Beliefnet
Suppose you were the richest person on the block, with the lushest lawn and a Mercedes in the driveway. Your neighbor's driveway held but a dented Yugo and his kids were hungry, so you made him a loan. Later you learned that he squandered most of the loan on himself, leaving his kids still impoverished. You demand the money back, but all he can pay is the interest. Years drag on, you get richer, the neighbor's kids have no shoes. You want to help the kids, but the father stills owes you money. Is there a way to end the stand-off?

This drama has been playing on the world stage for years--but the global stand-off is finally ending.

Late last month, White House and Congressional negotiators agreed to allocate $435 million toward a proposed $90 billion package of debt relief for impoverished developing-world countries. President Clinton signed this allocation into law early this month. The decision breaks an important logjam: It puts Congress on record as agreeing with the basic idea of Jubilee--that debts of the poorest nations, mainly in Africa, should be excused.

"The debt relief issue is now a speeding train," said Rep. Sonny Callahan, (R-Alabama), ranking member on the House committee that controls the foreign aid budget, after one of the votes. "We've got the pope and every missionary in the world involved, and they persuaded just about everyone here that this is the noble thing to do."

The agreement is a milestone achievement for the Jubilee 2000 movement. Founded by an unusual coalition of Catholic theologians, evangelical Protestants, and left-wing anti-globalization activists, Jubilee 2000--backed by figures as diverse as John Paul II, Pat Robertson, and the rock musician Bono--hopes to persuade Western nations to erase at least $90 billion and perhaps as much as $220 billion in developing-world debt. This might invigorate the economies of impoverished nations and, potentially, save millions of lives by allowing poor countries to shift funds from debt service to immediate needs, mainly health care.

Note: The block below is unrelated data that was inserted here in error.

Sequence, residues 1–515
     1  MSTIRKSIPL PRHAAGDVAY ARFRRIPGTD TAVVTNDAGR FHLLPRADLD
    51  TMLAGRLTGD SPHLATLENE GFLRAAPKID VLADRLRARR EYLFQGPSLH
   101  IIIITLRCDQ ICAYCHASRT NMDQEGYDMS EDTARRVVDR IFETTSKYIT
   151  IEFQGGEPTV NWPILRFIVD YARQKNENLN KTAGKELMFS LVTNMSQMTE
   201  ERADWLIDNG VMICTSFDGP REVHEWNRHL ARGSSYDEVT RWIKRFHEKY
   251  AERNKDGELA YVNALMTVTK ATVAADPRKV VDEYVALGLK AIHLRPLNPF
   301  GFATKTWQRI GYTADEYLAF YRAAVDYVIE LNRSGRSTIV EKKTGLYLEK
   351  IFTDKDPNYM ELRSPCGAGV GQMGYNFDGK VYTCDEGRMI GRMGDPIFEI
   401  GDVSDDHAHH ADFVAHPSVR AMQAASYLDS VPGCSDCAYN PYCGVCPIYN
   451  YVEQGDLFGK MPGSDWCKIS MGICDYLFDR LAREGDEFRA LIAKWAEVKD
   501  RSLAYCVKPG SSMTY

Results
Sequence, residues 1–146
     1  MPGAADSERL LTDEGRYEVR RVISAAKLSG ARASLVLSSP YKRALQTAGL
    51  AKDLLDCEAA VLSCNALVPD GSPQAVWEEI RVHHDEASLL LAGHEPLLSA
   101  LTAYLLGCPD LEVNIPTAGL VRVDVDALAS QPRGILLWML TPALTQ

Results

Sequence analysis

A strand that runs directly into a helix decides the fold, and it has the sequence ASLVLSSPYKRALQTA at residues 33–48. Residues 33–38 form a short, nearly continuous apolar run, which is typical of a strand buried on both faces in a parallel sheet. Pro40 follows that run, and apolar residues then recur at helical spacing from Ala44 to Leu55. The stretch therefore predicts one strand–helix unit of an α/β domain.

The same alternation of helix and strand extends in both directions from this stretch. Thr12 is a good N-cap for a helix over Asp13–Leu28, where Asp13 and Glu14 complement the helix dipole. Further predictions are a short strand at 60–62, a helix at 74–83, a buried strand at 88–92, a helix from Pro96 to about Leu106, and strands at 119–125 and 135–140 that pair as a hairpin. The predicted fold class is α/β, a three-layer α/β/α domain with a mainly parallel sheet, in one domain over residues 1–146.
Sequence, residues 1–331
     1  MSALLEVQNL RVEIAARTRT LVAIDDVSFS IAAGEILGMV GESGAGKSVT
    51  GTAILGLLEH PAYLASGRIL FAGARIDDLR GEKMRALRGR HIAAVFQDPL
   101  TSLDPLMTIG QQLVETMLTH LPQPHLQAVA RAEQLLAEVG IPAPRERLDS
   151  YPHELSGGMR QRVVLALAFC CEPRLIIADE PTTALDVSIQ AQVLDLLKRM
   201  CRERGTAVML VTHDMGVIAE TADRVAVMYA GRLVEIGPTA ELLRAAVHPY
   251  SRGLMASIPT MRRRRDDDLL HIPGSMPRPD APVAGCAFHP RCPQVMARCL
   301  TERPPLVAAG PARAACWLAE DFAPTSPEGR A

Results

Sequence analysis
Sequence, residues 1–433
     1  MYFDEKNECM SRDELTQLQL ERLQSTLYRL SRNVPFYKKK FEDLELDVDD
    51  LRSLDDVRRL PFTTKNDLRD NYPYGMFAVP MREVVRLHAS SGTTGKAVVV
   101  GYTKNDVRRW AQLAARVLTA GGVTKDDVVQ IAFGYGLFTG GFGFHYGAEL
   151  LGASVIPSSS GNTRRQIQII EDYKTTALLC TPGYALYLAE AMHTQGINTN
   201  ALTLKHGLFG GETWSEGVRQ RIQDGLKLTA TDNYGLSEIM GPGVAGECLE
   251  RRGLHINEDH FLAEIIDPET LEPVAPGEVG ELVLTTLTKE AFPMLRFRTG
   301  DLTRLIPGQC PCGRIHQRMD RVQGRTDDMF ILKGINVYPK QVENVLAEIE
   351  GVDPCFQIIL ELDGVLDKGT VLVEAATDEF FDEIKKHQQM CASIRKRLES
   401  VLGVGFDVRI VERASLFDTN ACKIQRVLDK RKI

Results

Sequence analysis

Here's the background. Roughly from the 1960s through the 1980s, many developing nations acquired substantial foreign debt, through the World Bank and the International Monetary Fund and at times commercial banks as well. Some borrowing was used to finance important projects such as infrastructure improvements; some went to white-elephant projects; large chunks of the proceeds were simply stolen by the corrupt "kleptocracies" that run many developing nations.

Developing nations with growth economies, especially in Asia, have done relatively well in repaying their debts. But the 41 countries (33 of them in Africa) that the World Bank calls "heavily indebted poor nations" have found their economies hard-hit by debt-service payments. These nations have no realistic prospect of satisfying their creditors and are at best a generation away from establishing the sort of growth economies that would generate revenue--creating trade. In the poorest nations, foreign debt has become a factor in human misery; for instance, many African nations cannot afford AIDS drugs and debt repayment at the same time.